To date, Poland has no Renewable Energy Law in spite of the EU requirement to transpose the 2009/28/WE EU Directive by the end of 2010. The energy efficiency bill approved by the Polish parliament in April is a transposition of the EU 2006/32/WE directive which does not go beyond the minimal requirements of the EU legislation: it does not provide the necessary incentives nor the security needed to spur investments in energy efficiency.

This is in spite of the fact that Poland needs three times as much energy as the most energy efficient countries in the EU and twice as much as the EU-27 average to produce the same amount of goods.

According to the Polish national energy policy until 2030, final energy demand is predicted to grow by 29 percent by 2030, while final electricity demand is estimated to grow by 55 percent. The share of renewable energies in total energy production is to reach at least 15 percent by 2020 and rise to 16 percent by 2030. At the same time, 74 percent of final energy demand will be still derived from CO2-intensive energy sources by 2030, says the strategy.

15,000 MW of coal capacity are planned to replace the ageing power plants in the country, some of which date from the 1940s.

Not only are both the Polish government and the state-owned energy companies deeply convinced that coal will continue to be the basis of Polish energy production for years to come, but these key players are also keen to present the EU climate and energy package as a danger to the stability of the Polish energy generation system. It is no coincidence that Poland is one of only two countries to apply for free CO2 emission allowances from the EU in the 2013-2020 period.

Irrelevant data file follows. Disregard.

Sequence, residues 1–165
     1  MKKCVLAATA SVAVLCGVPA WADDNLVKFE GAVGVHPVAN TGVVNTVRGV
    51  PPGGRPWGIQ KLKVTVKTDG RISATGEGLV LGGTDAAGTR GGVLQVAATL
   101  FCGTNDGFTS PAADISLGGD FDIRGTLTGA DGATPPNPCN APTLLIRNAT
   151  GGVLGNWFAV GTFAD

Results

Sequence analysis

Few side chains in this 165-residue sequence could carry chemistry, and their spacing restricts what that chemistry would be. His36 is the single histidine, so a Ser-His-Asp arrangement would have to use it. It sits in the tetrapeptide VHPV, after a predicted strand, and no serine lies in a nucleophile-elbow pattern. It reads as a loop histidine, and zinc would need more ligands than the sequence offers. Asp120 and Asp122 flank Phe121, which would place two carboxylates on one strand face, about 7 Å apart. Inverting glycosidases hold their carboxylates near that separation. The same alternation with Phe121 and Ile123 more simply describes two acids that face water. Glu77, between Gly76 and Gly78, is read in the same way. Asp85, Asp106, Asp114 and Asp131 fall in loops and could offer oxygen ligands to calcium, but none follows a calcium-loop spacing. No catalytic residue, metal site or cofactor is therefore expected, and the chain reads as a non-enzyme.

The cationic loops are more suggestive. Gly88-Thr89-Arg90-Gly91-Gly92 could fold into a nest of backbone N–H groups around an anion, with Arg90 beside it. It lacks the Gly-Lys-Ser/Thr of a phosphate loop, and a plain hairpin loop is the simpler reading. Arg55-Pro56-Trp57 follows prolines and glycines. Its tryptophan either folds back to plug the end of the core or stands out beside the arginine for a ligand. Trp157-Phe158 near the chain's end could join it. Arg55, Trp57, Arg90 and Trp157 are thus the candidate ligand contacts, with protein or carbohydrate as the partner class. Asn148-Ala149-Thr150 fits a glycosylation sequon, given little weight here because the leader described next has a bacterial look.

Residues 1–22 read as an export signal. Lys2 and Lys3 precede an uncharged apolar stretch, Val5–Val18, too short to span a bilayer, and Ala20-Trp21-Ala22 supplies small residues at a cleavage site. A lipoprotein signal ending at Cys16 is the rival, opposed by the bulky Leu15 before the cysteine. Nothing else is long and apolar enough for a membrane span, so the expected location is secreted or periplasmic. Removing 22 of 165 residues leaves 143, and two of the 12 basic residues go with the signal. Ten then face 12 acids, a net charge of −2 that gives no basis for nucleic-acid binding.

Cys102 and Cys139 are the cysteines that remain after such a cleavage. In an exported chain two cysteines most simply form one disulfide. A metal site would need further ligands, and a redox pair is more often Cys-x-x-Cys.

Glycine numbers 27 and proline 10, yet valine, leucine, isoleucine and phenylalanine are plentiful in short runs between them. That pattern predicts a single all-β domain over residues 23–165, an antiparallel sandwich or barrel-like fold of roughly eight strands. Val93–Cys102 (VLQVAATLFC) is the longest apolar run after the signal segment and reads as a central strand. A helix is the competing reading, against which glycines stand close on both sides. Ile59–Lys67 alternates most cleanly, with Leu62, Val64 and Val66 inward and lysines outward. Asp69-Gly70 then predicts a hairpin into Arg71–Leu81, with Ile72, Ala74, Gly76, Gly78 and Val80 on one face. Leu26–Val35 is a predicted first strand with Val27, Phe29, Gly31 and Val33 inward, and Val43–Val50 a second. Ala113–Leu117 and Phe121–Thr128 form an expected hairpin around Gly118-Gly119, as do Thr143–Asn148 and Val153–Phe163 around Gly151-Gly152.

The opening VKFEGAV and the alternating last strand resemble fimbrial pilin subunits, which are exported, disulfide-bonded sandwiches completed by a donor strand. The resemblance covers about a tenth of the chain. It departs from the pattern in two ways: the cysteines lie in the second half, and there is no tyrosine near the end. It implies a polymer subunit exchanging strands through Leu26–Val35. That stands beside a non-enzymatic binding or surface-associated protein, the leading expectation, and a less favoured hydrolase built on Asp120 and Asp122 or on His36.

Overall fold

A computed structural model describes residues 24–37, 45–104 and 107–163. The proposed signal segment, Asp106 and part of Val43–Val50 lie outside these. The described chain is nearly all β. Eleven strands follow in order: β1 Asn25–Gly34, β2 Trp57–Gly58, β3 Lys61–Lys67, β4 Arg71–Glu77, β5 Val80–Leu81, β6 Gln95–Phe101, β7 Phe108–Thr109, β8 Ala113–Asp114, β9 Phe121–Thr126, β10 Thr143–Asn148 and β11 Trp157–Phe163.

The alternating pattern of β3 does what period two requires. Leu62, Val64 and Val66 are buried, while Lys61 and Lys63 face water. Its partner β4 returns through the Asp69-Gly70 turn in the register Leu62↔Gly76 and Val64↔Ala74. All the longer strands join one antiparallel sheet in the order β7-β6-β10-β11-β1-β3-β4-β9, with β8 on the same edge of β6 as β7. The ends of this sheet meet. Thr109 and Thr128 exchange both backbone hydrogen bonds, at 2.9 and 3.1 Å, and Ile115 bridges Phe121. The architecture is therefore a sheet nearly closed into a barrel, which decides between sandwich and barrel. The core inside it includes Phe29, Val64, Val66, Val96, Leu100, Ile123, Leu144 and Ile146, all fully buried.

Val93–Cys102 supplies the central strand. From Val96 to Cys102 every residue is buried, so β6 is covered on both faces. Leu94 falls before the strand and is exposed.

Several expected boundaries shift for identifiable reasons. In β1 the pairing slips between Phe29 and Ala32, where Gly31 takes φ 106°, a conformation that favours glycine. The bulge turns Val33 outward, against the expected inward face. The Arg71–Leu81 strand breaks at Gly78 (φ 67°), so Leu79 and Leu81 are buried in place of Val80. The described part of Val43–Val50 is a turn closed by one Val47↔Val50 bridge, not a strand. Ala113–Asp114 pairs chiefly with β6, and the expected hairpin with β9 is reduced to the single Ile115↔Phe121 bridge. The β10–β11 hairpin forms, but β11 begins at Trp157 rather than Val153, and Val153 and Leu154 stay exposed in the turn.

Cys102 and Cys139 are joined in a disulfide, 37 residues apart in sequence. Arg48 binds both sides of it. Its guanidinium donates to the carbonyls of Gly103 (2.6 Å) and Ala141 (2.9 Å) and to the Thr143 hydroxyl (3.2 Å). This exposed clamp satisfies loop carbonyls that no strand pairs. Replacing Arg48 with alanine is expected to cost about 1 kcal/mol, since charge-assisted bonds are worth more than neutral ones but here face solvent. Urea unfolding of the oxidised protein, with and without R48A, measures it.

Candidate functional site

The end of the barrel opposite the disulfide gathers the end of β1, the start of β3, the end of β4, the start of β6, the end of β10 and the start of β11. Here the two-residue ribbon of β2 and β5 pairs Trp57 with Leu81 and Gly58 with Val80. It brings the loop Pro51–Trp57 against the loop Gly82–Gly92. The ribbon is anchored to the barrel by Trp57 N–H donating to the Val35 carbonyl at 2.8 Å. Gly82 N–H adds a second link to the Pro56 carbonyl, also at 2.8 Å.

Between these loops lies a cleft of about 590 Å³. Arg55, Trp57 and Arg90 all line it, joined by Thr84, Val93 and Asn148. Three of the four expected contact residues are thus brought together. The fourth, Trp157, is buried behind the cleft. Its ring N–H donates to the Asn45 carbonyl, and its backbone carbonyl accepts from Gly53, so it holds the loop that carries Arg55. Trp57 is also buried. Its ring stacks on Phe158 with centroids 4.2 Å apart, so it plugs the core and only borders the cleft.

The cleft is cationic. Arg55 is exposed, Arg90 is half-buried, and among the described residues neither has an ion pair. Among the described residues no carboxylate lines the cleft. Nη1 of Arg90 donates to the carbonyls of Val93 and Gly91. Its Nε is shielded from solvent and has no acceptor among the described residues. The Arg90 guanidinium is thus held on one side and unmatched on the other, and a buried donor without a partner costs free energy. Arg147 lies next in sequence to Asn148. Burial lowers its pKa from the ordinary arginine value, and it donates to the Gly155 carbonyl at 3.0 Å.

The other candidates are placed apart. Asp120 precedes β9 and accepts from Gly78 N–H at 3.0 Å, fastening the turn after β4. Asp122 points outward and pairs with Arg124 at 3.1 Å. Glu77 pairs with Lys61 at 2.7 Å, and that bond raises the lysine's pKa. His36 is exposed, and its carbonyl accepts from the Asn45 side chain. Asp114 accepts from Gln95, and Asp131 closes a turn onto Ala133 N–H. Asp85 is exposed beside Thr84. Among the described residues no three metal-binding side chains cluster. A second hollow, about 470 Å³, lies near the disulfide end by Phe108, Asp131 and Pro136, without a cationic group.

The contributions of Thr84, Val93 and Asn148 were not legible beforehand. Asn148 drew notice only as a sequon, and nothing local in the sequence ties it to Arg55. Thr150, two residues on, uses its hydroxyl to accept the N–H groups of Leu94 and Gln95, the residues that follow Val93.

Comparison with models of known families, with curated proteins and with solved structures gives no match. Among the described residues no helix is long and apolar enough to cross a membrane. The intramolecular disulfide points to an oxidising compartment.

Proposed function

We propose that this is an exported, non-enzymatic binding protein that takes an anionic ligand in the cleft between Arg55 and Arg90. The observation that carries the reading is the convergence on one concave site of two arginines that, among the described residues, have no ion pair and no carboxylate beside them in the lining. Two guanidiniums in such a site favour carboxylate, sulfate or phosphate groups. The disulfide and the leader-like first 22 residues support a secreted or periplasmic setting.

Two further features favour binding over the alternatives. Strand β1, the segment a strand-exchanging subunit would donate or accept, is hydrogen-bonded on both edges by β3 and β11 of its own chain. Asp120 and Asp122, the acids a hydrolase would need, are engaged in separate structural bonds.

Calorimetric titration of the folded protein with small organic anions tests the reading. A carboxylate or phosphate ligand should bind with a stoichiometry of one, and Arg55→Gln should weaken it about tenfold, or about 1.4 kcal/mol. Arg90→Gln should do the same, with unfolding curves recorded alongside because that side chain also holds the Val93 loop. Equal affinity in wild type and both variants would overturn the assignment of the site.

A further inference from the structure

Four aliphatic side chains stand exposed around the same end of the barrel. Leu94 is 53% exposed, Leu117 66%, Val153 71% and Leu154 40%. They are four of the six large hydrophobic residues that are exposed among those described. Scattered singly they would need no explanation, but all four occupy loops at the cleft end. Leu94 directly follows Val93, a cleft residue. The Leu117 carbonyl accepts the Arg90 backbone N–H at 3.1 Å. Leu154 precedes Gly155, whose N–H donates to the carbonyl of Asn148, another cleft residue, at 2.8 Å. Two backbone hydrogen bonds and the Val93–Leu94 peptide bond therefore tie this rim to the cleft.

Promoting such a high-level of coal dependency is certainly counter-productive for the future of Poland, but the recent Polish positions on common EU climate goals make it clear that this approach can prove a threat to Europe as a whole.

Meanwhile, it is important to note that Poland cannot pull off such ambitious investments in coal by itself. Ironically, it needs European public money to make such investments. Even more perversely, European public banks – which are supposed to further EU goals – are quite keen on supporting the country's misguided energy choices.

Both the EIB (the European Investment Bank, the EU house bank) and the EBRD (the European Bank for Reconstruction and Development) have been involved in financing fossil fuel projects in Poland in the past and the EIB has approved one new coal project as recently as this March.

The new project is the hard coal CHP in Bielsko Biała, which is estimated to cost €155.9 million - from which EIB plans to finance up to €75.8 million. Several other Polish coal projects are currently under consideration by the two European banks.

Through its public banks, the EU can either promote energy efficiency and renewable energy projects and help Poland transition to a resource-efficient renewables-based economy or it can help lock the Polish energy sector in a fossil fuel intensive energy production model. As the recent startling interventions of Poland show, Europe could be shooting itself in the leg by choosing the latter.

The writer is a coal campaigner with CEE Bankwatch Network